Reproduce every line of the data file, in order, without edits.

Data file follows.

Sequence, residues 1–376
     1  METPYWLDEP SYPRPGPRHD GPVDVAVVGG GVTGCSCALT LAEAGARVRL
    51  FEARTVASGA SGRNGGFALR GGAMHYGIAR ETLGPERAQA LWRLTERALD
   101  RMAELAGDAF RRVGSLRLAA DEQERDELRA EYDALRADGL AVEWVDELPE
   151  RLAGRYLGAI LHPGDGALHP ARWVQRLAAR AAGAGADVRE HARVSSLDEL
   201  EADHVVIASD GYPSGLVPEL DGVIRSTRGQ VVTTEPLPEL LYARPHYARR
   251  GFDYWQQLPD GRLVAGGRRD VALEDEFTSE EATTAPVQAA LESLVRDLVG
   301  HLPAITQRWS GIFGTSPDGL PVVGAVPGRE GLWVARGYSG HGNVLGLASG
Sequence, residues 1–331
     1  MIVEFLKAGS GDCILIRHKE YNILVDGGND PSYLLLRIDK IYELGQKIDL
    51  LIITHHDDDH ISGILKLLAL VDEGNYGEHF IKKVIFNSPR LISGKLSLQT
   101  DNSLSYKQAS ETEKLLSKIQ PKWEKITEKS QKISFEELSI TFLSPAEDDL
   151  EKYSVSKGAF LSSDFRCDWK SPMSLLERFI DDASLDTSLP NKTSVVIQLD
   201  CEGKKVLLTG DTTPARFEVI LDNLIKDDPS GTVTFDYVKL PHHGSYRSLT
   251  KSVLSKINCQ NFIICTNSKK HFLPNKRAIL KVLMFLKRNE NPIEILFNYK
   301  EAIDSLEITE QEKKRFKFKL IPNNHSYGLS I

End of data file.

Sequence, residues 1–376
     1  METPYWLDEP SYPRPGPRHD GPVDVAVVGG GVTGCSCALT LAEAGARVRL
    51  FEARTVASGA SGRNGGFALR GGAMHYGIAR ETLGPERAQA LWRLTERALD
   101  RMAELAGDAF RRVGSLRLAA DEQERDELRA EYDALRADGL AVEWVDELPE
   151  RLAGRYLGAI LHPGDGALHP ARWVQRLAAR AAGAGADVRE HARVSSLDEL
   201  EADHVVIASD GYPSGLVPEL DGVIRSTRGQ VVTTEPLPEL LYARPHYARR
   251  GFDYWQQLPD GRLVAGGRRD VALEDEFTSE EATTAPVQAA LESLVRDLVG
   301  HLPAITQRWS GIFGTSPDGL PVVGAVPGRE GLWVARGYSG HGNVLGLASG
Sequence, residues 1–331
     1  MIVEFLKAGS GDCILIRHKE YNILVDGGND PSYLLLRIDK IYELGQKIDL
    51  LIITHHDDDH ISGILKLLAL VDEGNYGEHF IKKVIFNSPR LISGKLSLQT
   101  DNSLSYKQAS ETEKLLSKIQ PKWEKITEKS QKISFEELSI TFLSPAEDDL
   151  EKYSVSKGAF LSSDFRCDWK SPMSLLERFI DDASLDTSLP NKTSVVIQLD
   201  CEGKKVLLTG DTTPARFEVI LDNLIKDDPS GTVTFDYVKL PHHGSYRSLT
   251  KSVLSKINCQ NFIICTNSKK HFLPNKRAIL KVLMFLKRNE NPIEILFNYK
   301  EAIDSLEITE QEKKRFKFKL IPNNHSYGLS I